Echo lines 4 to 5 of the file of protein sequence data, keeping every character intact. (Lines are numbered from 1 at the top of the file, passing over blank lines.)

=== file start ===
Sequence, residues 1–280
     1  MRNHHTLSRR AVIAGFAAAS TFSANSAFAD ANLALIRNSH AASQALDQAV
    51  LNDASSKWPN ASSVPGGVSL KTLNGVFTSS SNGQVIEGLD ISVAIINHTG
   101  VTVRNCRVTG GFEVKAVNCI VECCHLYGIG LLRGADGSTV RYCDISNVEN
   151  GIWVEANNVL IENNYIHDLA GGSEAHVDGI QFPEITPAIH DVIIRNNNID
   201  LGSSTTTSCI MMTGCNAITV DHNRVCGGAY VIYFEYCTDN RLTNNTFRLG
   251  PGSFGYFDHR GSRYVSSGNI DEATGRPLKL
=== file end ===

   101  VTVRNCRVTG GFEVKAVNCI VECCHLYGIG LLRGADGSTV RYCDISNVEN
   151  GIWVEANNVL IENNYIHDLA GGSEAHVDGI QFPEITPAIH DVIIRNNNID